Wake therapy is a promising, new technique for treating depression that harnesses the surprising benefits of sleep deprivation. Psychiatrist Professor David Veale explains how staying awake for 36 hours, under carefully controlled conditions, can result in a rapid recovery.


How did the idea for wake therapy come about?

It started in about 1967, when a patient in Germany reported to her psychiatrist that she could treat her depression by going cycling through the night. It was later recognised that it wasn’t the exercise that was important, it was the sleep deprivation. Sleep deprivation was then tested: around 50 per cent recovered, but of those about 80 to 90 per cent relapsed. So it didn’t really seem to be worth it.

There were quite a few studies and trials that went on in the 1980s and 1990s on sleep deprivation alone, but it became a little sort of footnote in textbooks – ‘this is what happens if we do sleep deprivation’. It got forgotten about. It was only in the late 1990s and 2000s that people started to try to work out what can stabilise this response.

Since then, there have been about 12 case series where people have reported on what they’d been doing with their patients, and three randomised control trials where they’ve compared against a control treatment. And they look very promising: they report that around 50 per cent of people recover, and that’s what we’ve been finding in our research and in our patients so far, too.

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Who is wake therapy for?

It’s for people suffering from depression. It can be either unipolar depression, which means people who have only depression, or bipolar, which fluctuates between mania and depression.

How does wake therapy work?

You’re supported to stay up all night, usually in a small group of about four people with an occupational therapist. You come in early Friday morning and don’t go to bed until 5pm on Saturday, so you’re awake for 36 hours.

With sleep deprivation, about 50 per cent of patients will recover within a couple of days. But the problem is that about 80 to 90 per cent of those that do recover will relapse very quickly, if we can’t stabilise it.

So how do you stabilise that mood improvement?

We go to what’s called ‘phase-advance’ of one’s sleep and bright light therapy. So you’ve now gone to sleep on Saturday, hopefully, at 5pm. You get eight good hours’ sleep, and you get up at 1am on Sunday. That’s a tricky time, because it’s just very odd. You may feel refreshed, because you’ve just had eight hours’ sleep, but it doesn’t feel right because it’s still dark and it’s the wrong time. So it’s very important that you keep yourself active and don’t go back to bed, and you stay awake now until 7pm on the Sunday.

Then you’re in bed for eight hours, and you get up at 3am on the Monday. You then go to bed the next night at 9pm, and get up on Tuesday at 5am. Then you’re back to going to bed at, say, 11pm, and getting up at the normal 7am. And you can’t nap throughout treatment: if you nap or fall asleep or whatever during that time, it ruins the effects.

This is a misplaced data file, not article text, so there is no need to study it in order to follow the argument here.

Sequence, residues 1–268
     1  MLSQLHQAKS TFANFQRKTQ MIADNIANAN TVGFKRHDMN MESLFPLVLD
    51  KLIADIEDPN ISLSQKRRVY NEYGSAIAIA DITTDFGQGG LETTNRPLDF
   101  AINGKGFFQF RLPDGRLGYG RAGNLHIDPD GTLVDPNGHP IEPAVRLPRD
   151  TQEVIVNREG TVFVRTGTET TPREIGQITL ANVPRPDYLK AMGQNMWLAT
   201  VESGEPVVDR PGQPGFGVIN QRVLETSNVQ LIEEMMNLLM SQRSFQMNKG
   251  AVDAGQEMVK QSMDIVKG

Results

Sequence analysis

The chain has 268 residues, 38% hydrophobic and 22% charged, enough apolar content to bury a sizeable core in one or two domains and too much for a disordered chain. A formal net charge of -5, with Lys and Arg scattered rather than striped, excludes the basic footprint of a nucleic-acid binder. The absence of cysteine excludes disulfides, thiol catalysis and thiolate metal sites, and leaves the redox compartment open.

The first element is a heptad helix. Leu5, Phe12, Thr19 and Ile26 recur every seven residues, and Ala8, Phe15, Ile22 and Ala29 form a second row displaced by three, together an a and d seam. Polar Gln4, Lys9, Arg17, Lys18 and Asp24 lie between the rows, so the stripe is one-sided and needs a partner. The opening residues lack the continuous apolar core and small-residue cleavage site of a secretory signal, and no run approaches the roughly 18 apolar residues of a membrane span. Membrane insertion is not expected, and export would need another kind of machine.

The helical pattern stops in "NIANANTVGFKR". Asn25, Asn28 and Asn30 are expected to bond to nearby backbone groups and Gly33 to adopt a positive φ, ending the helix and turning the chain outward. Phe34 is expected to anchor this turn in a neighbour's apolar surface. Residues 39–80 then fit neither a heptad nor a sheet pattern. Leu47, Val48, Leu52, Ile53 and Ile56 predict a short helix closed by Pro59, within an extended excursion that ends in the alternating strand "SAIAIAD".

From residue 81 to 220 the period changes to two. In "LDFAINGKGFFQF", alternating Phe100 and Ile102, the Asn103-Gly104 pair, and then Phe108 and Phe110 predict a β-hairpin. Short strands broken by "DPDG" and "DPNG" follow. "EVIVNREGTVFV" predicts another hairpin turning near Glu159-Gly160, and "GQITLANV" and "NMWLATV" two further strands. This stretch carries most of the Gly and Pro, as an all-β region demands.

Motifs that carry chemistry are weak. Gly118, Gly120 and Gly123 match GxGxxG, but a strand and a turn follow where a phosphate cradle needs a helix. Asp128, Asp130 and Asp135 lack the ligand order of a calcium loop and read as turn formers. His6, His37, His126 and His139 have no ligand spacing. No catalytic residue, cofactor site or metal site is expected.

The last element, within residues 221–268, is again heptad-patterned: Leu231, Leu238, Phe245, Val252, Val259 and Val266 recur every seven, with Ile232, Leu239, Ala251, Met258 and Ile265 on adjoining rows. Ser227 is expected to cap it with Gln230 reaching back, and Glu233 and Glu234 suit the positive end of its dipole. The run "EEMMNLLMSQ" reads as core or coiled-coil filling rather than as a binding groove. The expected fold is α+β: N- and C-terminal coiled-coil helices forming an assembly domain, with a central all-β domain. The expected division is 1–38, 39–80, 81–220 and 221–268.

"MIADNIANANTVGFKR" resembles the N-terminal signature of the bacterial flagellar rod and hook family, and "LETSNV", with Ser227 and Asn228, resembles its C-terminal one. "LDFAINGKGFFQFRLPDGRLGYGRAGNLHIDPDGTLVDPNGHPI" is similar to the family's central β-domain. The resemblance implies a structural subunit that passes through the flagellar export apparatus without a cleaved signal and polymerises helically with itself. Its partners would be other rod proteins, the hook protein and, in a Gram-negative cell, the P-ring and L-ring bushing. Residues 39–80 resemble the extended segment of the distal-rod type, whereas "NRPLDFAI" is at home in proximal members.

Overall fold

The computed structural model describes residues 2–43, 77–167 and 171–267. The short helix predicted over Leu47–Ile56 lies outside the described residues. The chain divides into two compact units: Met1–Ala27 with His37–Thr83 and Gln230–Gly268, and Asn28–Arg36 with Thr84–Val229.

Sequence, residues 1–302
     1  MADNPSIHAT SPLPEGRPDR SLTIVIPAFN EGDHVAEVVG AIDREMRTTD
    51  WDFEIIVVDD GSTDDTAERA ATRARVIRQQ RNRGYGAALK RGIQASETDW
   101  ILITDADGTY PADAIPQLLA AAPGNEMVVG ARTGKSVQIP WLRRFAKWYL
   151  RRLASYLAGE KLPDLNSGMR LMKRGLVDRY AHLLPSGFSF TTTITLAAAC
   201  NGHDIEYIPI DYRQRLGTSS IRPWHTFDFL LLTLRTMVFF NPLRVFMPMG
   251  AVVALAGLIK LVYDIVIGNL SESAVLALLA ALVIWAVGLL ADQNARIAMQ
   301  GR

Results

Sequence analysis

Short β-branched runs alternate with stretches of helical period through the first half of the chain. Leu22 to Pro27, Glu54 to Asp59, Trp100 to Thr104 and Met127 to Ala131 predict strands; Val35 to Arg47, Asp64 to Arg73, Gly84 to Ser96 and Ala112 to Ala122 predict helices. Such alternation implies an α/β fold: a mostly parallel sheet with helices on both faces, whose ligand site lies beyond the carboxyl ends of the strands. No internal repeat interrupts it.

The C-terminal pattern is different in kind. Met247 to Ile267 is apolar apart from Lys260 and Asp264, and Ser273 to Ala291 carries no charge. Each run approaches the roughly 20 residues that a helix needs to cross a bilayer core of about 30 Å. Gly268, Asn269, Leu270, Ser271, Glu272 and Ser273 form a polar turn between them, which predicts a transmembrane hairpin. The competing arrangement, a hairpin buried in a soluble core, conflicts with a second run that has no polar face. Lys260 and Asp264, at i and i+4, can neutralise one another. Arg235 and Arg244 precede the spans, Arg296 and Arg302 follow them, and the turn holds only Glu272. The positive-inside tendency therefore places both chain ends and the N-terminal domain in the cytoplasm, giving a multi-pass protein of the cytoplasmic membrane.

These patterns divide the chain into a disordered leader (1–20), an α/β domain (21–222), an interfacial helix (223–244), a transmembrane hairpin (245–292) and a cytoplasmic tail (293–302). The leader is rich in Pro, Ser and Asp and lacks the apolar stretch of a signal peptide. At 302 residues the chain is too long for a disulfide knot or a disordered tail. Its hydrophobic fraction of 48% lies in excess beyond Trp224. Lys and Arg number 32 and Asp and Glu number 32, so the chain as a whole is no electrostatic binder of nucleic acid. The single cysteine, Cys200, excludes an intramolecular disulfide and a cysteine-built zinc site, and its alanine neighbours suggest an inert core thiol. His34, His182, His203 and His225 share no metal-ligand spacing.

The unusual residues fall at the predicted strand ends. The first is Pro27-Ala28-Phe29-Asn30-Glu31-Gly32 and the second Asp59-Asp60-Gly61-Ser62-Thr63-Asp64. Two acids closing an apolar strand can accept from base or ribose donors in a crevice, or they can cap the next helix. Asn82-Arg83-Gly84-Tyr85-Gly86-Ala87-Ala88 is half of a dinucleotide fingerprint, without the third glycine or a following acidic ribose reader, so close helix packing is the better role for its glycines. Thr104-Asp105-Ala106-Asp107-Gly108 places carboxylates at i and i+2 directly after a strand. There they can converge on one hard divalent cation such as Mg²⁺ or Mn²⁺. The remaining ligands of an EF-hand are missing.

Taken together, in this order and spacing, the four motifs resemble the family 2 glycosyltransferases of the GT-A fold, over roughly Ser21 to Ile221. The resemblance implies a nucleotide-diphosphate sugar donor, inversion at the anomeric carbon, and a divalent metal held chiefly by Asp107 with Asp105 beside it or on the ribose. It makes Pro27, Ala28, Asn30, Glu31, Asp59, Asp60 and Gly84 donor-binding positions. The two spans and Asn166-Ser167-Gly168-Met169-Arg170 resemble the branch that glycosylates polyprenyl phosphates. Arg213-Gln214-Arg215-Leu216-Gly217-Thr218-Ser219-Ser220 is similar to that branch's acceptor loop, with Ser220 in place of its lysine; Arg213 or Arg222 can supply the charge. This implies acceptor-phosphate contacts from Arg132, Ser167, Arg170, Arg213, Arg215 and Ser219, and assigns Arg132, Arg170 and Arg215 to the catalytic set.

Now we’re also going to combine it with bright white light in the mornings. It’s something you can have in the kitchen while you’re sitting down having breakfast, or reading the paper or using the computer, and it switches off melatonin in the morning.

You’re essentially creating sunlight – it’s the same bright-white light that’s used for seasonal affective disorder, but it can also be quite helpful for non-seasonal depression. And you carry on using that for at least another six months or a year, to help stabilise your resetting of the circadian rhythm.

How do you define ‘recover’?

Usually it’s defined by at least a 50 per cent reduction in your symptoms.

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Is there any way to know who will respond to this kind of treatment?

We don’t really know what predicts who’s going to respond well. The problem with the term ‘depression’ is that it’s very heterogeneous. There are many different types of depression, and lots of different symptoms. So, for example, you can have two different patients who score exactly the same on the severity rating scale, but one of them may just get better by themselves within a few weeks, and the other one you know is going to have chronic depression and be very difficult to treat.

Let’s say the first one, the easy one, may be a person who has got very good family and social support. Their boyfriend or girlfriend has just left them, perhaps, but they have other things going for them and there’s no particular family history of depression.

Whereas the other person may have been, I don’t know, emotionally or sexually abused as a child, there’s a strong family history of depression, and they’re now a single parent. You know, they’ve got lots of other social stressors. These two people may both have the same symptoms of depression, and yet the first one is probably going to get better by herself, and the second one is going to take a lot of help.